The decision means Jordan will retake control of two areas leased to Israel for 25 years for agricultural use under the 1994 peace agreement — one at Naharayim in the north and another at the Tzofar area in the southern Arava desert. The leases expire next year and can be canceled with a year’s notice.

The areas are currently Israeli enclaves in areas under Jordanian sovereignty, and since the peace treaty was signed Israelis have been able to easily enter and exit them and farm agricultural land. But even after the king’s announcement, both sides have a year to discuss the decision before its implementation.

Jordan has been dealing in recent years with worrying Islamization that greatly concerns Amman. Public opinion has accordingly been turning more and more anti-Israeli and belligerent, due, among other reasons, to stalled Israeli-Palestinian peace talks.

Occasionally, Islamist terror cells emerge, attacking Jordanian security forces and killing them in numbers unseen before. Authorities fear those attacks are gaining public support.

It also is noteworthy that some Jordanians joined the Islamic State terror group in recent years, and a few years before that, the terror attacks of Islamic State’s Jordanian “mentor,” Abu Musab al-Zarqawi, inspired the creation of the jihadist organization.

Jordanian protesters shout slogans and raise a national flag during a demonstration outside the Prime Minister’s office in the capital Amman early June 4, 2018. (AP Photo/Raad Adayleh)

Jordan’s second problem in recent years has been the demographic and economic shift it is undergoing. The number of refugees who fled from Syria and Iraq to the kingdom is estimated at 1.5 million people out of Jordan’s total of almost 10 million. Similarly, much of its original population are Palestinians. The Syrians aren’t expected to return to their homes anytime soon due to the war-ravaged nation’s current condition.

Abdullah’s declaration, the royal family hopes, could at least temporarily divert public opinion from the country’s big problems, in both security and the economy. Those include widespread recent protests against the king and against then-prime minister Hani Mulki for imposing new taxes — protests that led to Mulki’s resignation in June.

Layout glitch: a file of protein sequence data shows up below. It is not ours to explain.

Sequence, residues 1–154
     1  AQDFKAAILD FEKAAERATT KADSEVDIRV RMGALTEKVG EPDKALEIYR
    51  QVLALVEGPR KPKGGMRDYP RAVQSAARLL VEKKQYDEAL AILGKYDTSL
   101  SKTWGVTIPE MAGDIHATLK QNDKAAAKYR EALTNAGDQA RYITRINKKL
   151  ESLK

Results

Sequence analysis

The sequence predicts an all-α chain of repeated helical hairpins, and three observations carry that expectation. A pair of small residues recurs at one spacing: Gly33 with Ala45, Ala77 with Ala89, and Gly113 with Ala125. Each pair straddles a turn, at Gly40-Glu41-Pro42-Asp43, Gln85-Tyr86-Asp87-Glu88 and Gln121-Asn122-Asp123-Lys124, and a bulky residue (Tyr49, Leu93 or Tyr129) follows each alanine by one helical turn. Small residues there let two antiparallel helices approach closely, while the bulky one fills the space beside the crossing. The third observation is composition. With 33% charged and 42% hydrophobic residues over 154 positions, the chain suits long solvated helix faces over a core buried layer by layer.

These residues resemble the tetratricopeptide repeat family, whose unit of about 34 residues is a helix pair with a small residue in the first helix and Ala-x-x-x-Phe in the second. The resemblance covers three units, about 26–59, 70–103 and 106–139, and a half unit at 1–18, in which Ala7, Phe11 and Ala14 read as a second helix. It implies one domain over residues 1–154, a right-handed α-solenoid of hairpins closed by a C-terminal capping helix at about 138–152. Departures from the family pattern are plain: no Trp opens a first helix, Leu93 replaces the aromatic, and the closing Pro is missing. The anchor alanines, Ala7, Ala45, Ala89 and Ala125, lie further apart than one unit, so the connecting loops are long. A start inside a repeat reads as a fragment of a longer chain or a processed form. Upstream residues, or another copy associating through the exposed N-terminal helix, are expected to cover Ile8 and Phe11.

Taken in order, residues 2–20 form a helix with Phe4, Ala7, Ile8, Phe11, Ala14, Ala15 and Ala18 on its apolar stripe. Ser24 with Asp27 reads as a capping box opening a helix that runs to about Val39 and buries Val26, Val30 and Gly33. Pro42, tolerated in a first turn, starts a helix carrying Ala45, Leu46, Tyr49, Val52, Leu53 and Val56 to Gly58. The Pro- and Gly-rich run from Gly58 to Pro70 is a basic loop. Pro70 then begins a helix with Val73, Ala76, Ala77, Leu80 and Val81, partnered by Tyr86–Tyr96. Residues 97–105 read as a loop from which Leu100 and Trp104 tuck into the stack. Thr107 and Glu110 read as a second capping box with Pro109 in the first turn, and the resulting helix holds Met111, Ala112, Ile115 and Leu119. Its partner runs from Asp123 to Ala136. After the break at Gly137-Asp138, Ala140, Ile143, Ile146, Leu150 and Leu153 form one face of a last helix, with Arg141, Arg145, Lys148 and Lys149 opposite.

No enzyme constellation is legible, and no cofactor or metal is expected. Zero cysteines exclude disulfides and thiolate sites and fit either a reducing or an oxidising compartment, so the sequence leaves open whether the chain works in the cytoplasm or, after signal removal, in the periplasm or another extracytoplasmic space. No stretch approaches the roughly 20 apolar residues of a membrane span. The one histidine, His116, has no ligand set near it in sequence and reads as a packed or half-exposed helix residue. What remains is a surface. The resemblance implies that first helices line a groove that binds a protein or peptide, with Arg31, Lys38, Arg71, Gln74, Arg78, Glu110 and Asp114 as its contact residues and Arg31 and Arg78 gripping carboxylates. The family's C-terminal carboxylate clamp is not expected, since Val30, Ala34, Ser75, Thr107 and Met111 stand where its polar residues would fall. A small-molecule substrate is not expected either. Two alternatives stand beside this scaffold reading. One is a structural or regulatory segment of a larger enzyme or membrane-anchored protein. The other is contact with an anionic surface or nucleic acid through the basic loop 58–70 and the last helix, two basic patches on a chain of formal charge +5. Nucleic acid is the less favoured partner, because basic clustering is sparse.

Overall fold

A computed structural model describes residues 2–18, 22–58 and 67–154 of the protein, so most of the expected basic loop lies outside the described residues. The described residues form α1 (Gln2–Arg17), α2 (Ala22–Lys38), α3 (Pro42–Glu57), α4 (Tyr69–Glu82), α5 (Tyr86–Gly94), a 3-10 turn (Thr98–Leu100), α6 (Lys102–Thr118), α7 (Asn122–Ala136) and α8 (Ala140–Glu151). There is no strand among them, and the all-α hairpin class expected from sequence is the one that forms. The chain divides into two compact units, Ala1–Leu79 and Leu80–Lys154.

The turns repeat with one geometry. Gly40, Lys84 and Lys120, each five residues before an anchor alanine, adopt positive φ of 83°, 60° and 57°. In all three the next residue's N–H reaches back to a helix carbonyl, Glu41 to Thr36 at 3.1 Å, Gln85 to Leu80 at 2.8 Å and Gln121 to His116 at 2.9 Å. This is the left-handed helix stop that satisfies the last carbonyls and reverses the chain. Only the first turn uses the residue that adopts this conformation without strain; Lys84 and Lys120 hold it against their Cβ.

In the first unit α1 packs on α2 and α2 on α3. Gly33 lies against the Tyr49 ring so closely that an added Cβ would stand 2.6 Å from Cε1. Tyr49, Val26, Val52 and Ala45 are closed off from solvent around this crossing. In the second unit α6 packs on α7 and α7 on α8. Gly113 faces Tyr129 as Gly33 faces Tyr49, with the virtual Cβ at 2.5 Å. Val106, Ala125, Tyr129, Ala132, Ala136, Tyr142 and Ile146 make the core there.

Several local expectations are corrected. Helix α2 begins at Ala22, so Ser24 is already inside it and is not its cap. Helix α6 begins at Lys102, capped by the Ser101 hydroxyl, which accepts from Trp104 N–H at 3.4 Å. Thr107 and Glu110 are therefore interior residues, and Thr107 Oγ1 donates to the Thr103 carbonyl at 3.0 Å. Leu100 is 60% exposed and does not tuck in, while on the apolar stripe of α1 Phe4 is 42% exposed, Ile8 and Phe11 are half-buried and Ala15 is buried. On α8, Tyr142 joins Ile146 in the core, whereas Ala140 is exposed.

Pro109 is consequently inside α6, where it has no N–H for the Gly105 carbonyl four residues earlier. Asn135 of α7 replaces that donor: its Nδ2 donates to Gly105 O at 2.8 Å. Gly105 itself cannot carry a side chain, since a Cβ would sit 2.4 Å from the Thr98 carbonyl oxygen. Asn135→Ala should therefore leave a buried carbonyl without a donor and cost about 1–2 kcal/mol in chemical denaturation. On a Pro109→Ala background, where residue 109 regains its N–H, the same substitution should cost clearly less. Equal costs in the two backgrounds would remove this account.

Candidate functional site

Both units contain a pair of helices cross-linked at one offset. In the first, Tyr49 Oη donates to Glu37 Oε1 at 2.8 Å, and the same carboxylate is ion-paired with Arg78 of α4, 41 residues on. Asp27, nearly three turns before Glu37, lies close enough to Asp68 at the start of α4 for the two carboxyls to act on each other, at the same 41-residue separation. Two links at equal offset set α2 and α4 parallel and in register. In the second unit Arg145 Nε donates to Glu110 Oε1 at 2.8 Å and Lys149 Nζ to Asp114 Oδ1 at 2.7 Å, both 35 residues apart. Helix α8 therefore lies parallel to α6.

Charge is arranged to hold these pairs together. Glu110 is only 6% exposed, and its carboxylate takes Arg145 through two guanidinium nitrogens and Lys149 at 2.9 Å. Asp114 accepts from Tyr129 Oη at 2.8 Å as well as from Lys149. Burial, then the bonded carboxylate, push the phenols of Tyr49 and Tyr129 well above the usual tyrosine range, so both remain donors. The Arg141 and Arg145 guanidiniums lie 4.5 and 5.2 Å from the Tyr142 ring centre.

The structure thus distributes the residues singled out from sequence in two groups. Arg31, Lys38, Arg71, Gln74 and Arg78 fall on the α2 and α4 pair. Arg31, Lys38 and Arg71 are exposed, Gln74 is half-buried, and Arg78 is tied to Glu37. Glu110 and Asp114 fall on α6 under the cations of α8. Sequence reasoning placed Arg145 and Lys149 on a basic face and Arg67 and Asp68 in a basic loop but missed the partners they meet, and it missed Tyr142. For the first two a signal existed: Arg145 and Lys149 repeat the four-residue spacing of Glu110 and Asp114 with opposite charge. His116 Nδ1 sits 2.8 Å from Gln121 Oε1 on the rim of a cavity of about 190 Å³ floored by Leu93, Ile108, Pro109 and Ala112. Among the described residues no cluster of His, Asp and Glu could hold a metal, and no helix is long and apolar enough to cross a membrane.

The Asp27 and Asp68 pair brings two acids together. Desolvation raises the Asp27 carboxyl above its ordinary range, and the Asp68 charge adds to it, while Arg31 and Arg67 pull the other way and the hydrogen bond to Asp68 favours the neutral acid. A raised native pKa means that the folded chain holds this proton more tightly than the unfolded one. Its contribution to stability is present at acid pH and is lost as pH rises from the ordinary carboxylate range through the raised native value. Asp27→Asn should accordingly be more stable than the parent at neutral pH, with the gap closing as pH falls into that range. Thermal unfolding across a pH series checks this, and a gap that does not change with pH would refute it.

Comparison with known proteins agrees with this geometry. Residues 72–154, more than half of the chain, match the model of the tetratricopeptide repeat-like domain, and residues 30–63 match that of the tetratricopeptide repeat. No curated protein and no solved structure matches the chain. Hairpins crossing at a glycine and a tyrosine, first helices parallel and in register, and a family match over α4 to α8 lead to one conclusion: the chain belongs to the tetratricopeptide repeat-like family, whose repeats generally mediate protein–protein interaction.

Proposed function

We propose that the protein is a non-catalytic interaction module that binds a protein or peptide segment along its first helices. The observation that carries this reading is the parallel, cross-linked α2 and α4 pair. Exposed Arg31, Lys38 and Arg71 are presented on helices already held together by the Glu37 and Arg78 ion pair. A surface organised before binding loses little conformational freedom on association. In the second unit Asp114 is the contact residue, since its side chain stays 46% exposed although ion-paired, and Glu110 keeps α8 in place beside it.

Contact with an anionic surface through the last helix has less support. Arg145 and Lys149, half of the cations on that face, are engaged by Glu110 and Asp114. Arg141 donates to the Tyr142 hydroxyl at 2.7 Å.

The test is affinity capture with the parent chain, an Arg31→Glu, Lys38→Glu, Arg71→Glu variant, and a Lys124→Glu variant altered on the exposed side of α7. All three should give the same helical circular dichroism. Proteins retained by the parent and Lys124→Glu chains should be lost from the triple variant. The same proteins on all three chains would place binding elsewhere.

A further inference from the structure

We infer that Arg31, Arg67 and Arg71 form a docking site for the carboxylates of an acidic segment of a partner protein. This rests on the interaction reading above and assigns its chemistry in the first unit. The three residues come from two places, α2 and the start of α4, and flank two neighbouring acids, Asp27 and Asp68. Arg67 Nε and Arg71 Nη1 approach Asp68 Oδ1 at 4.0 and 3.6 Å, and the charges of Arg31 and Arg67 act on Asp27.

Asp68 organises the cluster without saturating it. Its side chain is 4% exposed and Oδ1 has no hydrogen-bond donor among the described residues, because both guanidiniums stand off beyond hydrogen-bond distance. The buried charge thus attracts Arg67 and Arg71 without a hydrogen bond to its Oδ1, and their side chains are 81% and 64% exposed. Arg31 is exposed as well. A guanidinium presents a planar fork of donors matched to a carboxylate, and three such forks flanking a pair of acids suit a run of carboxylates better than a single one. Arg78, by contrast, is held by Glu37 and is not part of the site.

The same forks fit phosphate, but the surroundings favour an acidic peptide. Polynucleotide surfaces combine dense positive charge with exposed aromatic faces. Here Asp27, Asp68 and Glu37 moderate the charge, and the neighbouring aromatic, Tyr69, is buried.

Amman hopes the new announcement will rebrand Abdullah as a monarch who does not hesitate to confront Israel when a distinct Jordanian interest is on the line.

And indeed, Jordanian media outlets feted the announcement on Monday, with the Al-Ghad daily’s headline trumpeting, “The decision is a victory for Jordan.”

“The Hashemite leadership,” the report said, “always puts the defense of Jordanian interests, land and citizens, at the top of its list of priorities, despite the difficulties rooted in regional circumstances surrounding Jordan.”

For now, Jerusalem’s reaction has been relatively mild. Israel understands the delicate situation, and only after a year of negotiations will we know the final outcome.

Still, the king’s statement is an instance of Jordanian ingratitude. Israel greatly helps the royal family diplomatically, and financial ties aren’t bad either. When it comes to security, the cooperation between the countries can be described as between “excellent” and “exceptional” — a relationship that is carefully kept below the radar.

Meanwhile, Jordan, typically, is investing significant efforts in downplaying the strength of those ties, while issuing dramatic statements such as Sunday’s.